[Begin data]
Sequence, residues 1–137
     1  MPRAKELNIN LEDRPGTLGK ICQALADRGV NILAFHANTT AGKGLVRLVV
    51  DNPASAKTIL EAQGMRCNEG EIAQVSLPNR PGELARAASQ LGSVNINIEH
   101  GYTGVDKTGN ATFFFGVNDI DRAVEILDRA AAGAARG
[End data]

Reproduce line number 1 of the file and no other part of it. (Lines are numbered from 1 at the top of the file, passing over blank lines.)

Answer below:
Sequence, residues 1–137